Venezuela Lawmakers Ask Wall Street to Stop Aiding MaduroBy and
Gold swaps would help government retain power, opposition says
Venezuela’s gold reserves as tracked by IMF at record low
Venezuela’s opposition is reaching out to Wall Street banks to dissuade them from helping the country monetize its $7.7 billion in gold reserves.
Venezuela is going to try to stave off default by seeking to swap its gold reserves into cash, and any investment bank that helps will be effectively “supporting a government recognized by the international community as dictatorial,” according to a letter the opposition-led congress sent Monday to top banks. Lawmakers also approved a measure today that they say would nullify any government debt issuance, as well as any debt swaps and pledges of gold as collateral, not explicitly approved by congress.
“The national government, through the central bank, is going to try to swap gold held as reserves for dollars to stay in power unconstitutionally,” according to the letter signed by National Assembly President Julio Borges. “I have the obligation to warn you that by supporting such a gold swap you would be taking actions favoring a government that’s been recognized as dictatorial by the international community.”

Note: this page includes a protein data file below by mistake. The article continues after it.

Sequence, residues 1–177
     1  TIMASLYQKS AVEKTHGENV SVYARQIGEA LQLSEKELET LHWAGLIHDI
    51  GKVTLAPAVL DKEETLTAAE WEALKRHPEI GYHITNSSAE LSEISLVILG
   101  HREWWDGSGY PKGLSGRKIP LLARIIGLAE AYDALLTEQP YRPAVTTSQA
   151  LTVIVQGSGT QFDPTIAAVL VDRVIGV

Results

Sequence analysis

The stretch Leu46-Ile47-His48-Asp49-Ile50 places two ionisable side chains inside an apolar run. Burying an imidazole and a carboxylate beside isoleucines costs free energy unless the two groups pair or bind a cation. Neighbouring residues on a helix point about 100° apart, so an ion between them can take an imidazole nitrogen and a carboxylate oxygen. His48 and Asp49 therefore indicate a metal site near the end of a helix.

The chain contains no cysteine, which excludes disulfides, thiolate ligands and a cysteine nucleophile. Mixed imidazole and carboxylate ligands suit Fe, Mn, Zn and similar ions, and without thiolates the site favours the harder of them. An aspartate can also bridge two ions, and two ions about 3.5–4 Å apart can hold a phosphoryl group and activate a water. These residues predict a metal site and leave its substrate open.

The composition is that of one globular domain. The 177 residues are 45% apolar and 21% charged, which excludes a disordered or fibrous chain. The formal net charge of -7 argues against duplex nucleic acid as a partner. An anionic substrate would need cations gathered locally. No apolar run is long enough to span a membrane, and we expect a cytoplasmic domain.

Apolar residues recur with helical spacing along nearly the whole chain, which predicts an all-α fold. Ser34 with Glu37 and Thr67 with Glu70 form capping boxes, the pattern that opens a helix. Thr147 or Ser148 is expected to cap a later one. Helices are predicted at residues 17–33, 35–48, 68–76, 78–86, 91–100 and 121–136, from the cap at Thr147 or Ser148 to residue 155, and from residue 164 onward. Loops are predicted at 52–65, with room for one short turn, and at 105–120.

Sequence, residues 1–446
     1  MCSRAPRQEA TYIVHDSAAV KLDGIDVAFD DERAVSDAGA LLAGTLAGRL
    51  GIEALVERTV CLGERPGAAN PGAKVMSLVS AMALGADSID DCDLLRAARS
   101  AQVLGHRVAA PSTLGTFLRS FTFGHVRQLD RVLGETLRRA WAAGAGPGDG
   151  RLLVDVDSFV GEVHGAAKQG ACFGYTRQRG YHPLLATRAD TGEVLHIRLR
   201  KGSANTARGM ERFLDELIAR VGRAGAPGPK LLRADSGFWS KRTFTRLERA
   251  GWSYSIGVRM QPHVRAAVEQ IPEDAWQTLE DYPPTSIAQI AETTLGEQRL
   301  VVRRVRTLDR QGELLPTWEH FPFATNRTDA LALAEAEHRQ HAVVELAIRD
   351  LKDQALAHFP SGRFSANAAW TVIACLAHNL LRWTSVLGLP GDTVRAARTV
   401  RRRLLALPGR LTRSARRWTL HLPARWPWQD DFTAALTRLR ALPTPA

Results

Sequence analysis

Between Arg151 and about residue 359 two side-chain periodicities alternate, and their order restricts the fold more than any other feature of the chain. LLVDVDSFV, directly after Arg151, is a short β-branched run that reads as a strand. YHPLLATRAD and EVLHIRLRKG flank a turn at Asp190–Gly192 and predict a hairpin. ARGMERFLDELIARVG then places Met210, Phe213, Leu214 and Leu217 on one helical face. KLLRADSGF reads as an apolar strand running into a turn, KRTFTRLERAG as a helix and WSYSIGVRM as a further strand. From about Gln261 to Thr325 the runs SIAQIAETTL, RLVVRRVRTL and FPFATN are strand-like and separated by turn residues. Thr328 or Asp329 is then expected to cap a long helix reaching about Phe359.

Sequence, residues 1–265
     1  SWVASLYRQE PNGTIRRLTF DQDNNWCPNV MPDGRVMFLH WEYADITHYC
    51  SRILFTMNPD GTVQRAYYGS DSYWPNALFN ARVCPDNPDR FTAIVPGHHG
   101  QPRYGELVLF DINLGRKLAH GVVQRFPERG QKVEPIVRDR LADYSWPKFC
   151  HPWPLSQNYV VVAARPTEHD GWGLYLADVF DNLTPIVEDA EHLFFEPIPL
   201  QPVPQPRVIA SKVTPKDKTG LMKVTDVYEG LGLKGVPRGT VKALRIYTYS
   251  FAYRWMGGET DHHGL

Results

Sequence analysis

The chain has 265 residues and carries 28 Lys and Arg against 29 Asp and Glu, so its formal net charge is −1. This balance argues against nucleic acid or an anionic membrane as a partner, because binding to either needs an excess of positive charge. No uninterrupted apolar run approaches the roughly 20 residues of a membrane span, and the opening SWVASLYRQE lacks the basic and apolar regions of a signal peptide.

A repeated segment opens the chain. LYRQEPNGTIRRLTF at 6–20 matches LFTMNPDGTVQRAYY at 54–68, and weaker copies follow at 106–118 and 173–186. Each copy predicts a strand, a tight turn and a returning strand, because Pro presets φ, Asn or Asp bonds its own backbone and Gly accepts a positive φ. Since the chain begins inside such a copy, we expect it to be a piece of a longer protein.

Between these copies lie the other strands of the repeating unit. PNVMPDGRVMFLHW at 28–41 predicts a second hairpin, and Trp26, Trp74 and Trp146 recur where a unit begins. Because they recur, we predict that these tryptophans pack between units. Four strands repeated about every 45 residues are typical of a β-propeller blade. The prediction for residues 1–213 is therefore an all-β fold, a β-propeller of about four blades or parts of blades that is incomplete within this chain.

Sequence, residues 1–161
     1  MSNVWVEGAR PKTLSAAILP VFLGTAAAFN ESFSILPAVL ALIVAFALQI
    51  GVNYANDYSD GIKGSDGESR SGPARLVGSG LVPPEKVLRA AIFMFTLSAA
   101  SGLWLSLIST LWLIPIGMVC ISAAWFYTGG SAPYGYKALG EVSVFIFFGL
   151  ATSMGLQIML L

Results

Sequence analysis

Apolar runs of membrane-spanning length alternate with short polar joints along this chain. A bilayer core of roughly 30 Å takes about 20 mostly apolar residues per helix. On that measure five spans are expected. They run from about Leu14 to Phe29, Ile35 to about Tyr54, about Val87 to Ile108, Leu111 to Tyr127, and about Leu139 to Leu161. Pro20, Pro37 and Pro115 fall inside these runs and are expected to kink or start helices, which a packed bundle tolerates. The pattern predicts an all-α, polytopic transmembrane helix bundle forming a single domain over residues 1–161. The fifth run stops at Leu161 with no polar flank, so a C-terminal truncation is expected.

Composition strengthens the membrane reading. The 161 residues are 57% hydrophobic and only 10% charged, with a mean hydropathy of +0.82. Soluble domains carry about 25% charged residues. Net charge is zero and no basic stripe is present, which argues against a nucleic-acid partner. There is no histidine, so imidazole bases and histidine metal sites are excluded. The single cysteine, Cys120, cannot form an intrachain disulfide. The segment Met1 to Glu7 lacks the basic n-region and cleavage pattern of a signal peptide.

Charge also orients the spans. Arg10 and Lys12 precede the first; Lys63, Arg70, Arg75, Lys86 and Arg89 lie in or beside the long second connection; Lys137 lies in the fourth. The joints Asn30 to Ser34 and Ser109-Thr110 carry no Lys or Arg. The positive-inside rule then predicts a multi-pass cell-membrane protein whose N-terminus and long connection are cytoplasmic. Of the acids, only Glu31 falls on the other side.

Venezuelan President Nicolas Maduro has been battling lawmakers for control over the nation’s finances since the opposition won control of the National Assembly in December 2015 elections, riding a wave of anger over triple-digit inflation and chronic shortages of basic staples. Investors are left trying to gauge the likelihood that the country will continue servicing its debt amid a dollar shortage worsened by the collapse in oil prices.
Lawmaker Angel Alvarado, a member of the National Assembly’s Finance Committee, said the letter has gone to banks including Citigroup Inc., Goldman Sachs Group Inc. and Bank of America Corp.
Venezuela’s central bank said it held $7.7 billion of gold in reserves as of February. The country’s total foreign reserves stood at $10.26 billion on Monday, near a 15-year low.
— With assistance by Sebastian Boyd